Gamma Andromedae

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γ1 Andromedae
(γ Andromedae A)
Andromeda constellation map.svg
Red circle.svg
Location of γ Andromedae (circled)
Observation data
Epoch J2000.0      Equinox J2000.0 (ICRS)
Constellation Andromeda
Right ascension  02h 03m 54.0s[1]
Declination +42° 19′ 47″[1]
Apparent magnitude (V) 2.27[1]
Characteristics
Spectral type K3IIb[1]
U−B color index +1.58[1]
B−V color index +1.37[1]
R−I color index +0.68[1]
Astrometry
Radial velocity (Rv)−11.7 ± 0.9[2] km/s
Proper motion (μ) RA: 43.08[3] mas/yr
Dec.: −50.85[3] mas/yr
Parallax (π)9.19 ± 0.73[3] mas
Distance350 ± 30 ly
(109 ± 9 pc)
Details
Radius80[4] R
Luminosity2,000[4] L
Temperature4,500[4] K
Rotational velocity (v sin i)< 17[1] km/s
Orbit[5]
Primaryγ1 Andromedae
Companionγ2 Andromedae
Period (P)4,748 yr
Other designations
Almach, Almaach, Almak, Almaak, Alamak, γ1 And, Gamma1 Andromedae, Gamma1 And, γ Andromedae A, γ And A, Gamma Andromedae A, Gamma And A, 57 Andromedae A, 57 And A, STF 205A, ADS 1630 A, BD+41 395, CCDM J02039+4220A, FK5 73, GC 2477, HD 12533, HIP 9640, HR 603, IDS 01578+4151 A, PPM 44721, SAO 37734, WDS 02039+4220A[3][1][6]
Database references
SIMBADdata

Gamma Andromedae (γ Andromedae, abbreviated Gamma And, γ And) is the third-brightest point of light in the constellation of Andromeda. It is a multiple star system approximately 350 light-years from the Earth.

In 1778, Johann Tobias Mayer discovered that γ Andromedae was a double star. When examined in a small telescope, it appears to be a bright, golden-yellow star (γ1 Andromedae or γ Andromedae A, officially named Almach /ˈælmæk/, the traditional name for the entire system)[7][8] next to a dimmer, indigo-blue star (γ2 Andromedae or γ Andromedae B), separated by approximately 10 arcseconds. It is often considered by stargazers to be a beautiful double star with a striking contrast of color.[9] It was later discovered that γ2 Andromedae is itself a triple star system. What appears as a single star to the naked eye is thus a quadruple star system.[9][10]

Nomenclature[edit]

Stellar properties[edit]

Components of the γ Andromedae system (not to scale)
γ2 Andromedae
(γ Andromedae BC)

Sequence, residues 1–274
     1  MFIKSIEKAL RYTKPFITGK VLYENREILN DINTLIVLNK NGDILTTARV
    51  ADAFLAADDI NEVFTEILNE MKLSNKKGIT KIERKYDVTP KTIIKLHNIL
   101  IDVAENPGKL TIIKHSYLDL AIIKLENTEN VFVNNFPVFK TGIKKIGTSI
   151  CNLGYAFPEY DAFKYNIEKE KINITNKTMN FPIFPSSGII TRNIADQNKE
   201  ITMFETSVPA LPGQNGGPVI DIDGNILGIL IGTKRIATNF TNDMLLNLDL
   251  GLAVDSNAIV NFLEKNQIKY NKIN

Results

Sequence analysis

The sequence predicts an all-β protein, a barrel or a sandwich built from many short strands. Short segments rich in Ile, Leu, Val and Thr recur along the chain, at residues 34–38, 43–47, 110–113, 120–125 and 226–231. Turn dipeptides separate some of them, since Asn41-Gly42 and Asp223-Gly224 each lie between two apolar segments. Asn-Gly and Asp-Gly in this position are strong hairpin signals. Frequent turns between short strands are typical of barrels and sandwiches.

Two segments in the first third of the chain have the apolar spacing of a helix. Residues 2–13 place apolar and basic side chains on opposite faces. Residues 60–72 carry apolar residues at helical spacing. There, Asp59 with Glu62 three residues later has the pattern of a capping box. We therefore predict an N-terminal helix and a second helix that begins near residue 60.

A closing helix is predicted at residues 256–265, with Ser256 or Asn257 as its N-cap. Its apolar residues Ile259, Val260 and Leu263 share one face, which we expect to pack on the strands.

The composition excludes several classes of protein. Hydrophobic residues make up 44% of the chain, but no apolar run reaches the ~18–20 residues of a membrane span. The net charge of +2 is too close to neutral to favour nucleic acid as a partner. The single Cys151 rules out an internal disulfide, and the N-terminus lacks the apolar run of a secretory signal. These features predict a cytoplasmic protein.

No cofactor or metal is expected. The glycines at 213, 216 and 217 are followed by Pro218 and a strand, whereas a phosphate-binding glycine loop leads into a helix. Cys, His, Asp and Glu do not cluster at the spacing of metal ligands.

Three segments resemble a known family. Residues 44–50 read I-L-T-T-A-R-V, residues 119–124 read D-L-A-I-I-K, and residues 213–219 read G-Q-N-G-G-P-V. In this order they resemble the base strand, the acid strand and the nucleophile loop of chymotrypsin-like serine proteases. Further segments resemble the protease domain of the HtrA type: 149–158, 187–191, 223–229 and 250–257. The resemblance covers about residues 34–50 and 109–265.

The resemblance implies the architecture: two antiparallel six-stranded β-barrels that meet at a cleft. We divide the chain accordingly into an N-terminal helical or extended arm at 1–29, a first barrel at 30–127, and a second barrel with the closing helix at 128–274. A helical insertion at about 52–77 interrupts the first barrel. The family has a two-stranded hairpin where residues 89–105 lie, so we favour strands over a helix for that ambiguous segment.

Observation data
Epoch J2000.0      Equinox J2000.0 (ICRS)
Constellation Andromeda
Right ascension  02h 03m 54.720s (B)[20]
Declination +42° 19′ 51.41″ (B)[20]
Apparent magnitude (V) 4.84 (BC combined)

5.5 (B)
6.3 (C)[21]

Characteristics
Spectral type B9.5V/B9.5V (B)

A0V (C)[22]

U−B color index −0.12[21]
B−V color index +0.03[21]
Astrometry
B
Radial velocity (Rv)−14.0±5[2] km/s
Proper motion (μ) RA: 3730.021[23] mas/yr
Dec.: −51.640[23] mas/yr
Parallax (π)12.5653 ± 0.5881[23] mas
Distance260 ± 10 ly
(80 ± 4 pc)
Orbit[24]
Period (P)63.67 ± 1.0 yr
Semi-major axis (a)0.302 ± 0.001″
Eccentricity (e)0.927 ± 0.03
Inclination (i)109.8 ± 5.0°
Longitude of the node (Ω)109.6 ± 5.0°
Periastron epoch (T)B2015.5 ± 1.5
Argument of periastron (ω)
(secondary)
183.4 ± 15.0°
Position (relative to γ1 And)
Epoch of observation2004
Angular distance9.6 [6]
Position angle63° [6]
Other designations
γ2 And, Gamma2 Andromedae, Gamma2 And, γ Andromedae BC, γ And BC, Gamma Andromedae BC, Gamma And BC, 57 Andromedae BC, 57 And BC, HD 12534, HIP 9640, HR 604, SAO 37735, WDS 02039+4220BC[25][6]
Database references
SIMBADdata

γ1 Andromedae (A component) is a bright giant star with a spectral classification of K3IIb. It has an apparent visual magnitude of approximately 2.26.[1]

γ2 Andromedae (BC component), with an overall apparent visual magnitude of 4.84,[21] is 9.6 arcseconds away from γ1 Andromedae at a position angle of 63 degrees.[6]

γ1 and γ2 have an orbital period of approximately 5,000 years.[5]

In October 1842, Wilhelm Struve found that γ2 Andromedae was itself a double star whose components were separated by less than an arcsecond.[13] The components are an object of apparent visual magnitude 5.5, γ Andromedae B, and a type-A main sequence star with apparent visual magnitude 6.3, γ Andromedae C.[21] They have an orbital period of about 64 years.[24] Spectrograms taken from 1957 to 1959 revealed that γ Andromedae B was itself a spectroscopic binary, composed of two type-B main sequence stars orbiting each other with a period of 2.67 days.[26]

Almach as a name[edit]

USS Almaack (AKA-10) was the name of United States navy ship.